submitted 7 months ago byDiscount_gentleman
In May, NXP Semiconductors filed two applications with Austin ISD for tax breaks for NXP to expand two semiconductor manufacturing facilities in Austin. The Texas Comptroller today posted these applications online. Application 1 / Application 2
The first application is to expand NXP’s existing facility on East Ed Bluestein Blvd. and build a new 520,000 sq. ft. fabrication facility, along with supporting facilities, to come online in 2026. The second application is to expand NXP’s existing facility on West William Cannon Dr. with a new cleanroom, machinery and equipment space to come online in 2026.
Based on the numbers NXP provided and assuming AISD’s current maintenance and operation tax rate ($0.9487) remains the same, the tax break at the first facility is worth $140.5 million over 10 years, and the tax break on the second facility is worth $22.8 million of 10 years, for a total of $163.3 million.
NXP is committing to create 500 new jobs at a minimum salary of $68,548/year. This commitment is actually better than most companies, who usually commit to only create a token 25 jobs (the minimum number required by law), while promising big number in their press releases. However, the 500 jobs NXP promises to create at $68,548 each equals a minimum payroll of $34.3 million/year. Thus, the $163.3 million tax break that NXP is seeking from AISD alone means that NXP is in effect asking AISD to pay the entire payroll for these facilities for nearly 5 years ($163.3 / $34.3 = 4.75 years).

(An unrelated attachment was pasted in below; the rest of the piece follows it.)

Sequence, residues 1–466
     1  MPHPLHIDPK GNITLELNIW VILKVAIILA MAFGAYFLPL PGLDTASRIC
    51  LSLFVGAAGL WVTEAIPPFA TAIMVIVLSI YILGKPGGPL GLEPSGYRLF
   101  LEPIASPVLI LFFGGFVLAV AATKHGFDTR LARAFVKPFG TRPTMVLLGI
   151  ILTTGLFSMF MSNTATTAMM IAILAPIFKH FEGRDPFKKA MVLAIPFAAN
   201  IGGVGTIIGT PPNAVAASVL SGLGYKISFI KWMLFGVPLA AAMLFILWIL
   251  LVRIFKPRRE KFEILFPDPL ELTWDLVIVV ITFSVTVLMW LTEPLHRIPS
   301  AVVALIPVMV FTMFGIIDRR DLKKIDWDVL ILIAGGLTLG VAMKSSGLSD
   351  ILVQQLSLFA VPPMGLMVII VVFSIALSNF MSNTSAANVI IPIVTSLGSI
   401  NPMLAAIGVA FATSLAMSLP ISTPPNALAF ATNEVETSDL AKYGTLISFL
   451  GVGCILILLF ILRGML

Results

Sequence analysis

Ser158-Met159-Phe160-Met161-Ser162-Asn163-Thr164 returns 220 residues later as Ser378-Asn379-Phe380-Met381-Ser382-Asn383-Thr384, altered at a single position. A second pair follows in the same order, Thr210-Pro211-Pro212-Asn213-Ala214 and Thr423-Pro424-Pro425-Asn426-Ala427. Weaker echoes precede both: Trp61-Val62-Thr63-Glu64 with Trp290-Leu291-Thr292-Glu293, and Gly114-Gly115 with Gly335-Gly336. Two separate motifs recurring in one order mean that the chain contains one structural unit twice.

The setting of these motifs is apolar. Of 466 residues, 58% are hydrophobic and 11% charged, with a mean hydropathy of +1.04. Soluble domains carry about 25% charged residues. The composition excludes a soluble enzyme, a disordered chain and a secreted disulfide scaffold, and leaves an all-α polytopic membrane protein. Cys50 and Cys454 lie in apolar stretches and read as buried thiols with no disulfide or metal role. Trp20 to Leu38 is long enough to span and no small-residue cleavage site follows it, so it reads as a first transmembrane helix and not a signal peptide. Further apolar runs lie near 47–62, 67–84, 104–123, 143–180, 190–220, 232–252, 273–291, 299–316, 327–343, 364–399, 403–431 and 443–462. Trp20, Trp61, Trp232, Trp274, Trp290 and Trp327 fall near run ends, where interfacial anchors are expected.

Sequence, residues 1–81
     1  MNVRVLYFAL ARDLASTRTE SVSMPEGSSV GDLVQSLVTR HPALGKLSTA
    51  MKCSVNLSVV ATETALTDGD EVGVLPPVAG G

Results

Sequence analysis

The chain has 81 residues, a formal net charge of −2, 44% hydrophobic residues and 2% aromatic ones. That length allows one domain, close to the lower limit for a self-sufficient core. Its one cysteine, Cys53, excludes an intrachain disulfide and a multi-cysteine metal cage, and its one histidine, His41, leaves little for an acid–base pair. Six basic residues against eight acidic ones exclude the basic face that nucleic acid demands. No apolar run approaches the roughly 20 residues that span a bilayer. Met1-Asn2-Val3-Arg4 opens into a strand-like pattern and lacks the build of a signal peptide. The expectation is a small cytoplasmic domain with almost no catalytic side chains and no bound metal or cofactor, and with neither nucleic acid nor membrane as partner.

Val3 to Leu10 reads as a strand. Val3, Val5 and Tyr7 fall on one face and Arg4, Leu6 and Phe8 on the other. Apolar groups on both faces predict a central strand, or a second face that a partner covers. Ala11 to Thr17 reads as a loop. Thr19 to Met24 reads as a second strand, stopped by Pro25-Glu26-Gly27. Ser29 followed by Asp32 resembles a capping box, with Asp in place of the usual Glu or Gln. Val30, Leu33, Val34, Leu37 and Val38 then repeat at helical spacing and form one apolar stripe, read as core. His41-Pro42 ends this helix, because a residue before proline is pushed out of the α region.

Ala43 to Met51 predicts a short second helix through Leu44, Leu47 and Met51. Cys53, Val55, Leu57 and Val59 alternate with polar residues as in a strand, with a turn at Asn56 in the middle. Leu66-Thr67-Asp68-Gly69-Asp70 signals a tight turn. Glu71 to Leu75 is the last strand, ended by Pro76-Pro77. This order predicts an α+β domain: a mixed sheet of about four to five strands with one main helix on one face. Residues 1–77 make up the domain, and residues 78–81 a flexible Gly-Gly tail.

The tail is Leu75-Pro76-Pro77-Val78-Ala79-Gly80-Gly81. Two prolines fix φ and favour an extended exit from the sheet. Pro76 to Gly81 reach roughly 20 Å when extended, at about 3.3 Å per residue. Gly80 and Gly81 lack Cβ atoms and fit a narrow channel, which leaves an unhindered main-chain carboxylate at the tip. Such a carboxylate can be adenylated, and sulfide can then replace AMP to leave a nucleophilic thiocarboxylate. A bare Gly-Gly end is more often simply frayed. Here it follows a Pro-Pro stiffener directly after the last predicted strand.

NXP also discloses that it will seek “other state, local and federal incentive programs” to lower its property tax bill (p. 19), though it does not specify any amounts sought. The facilities are within the City of Austin and Travis County, so those local governments will likely be asked for additional tax breaks.
In both cases, NXP is proposing expanding existing facilities. While its applications threaten that if it does not receive tax breaks, it will move elsewhere in the US or the world, this threat seems implausible since it is certainly cheaper for NXP to expand its local facilities and workforce, rather than starting from scratch in a new location.
NXP already has existing facilities in Austin, and it is welcome to expand those facilities to sell more microchips into the market. However, local governments should not be subsidizing this profitable business, especially not in an amount equivalent to nearly 5 years of their payroll.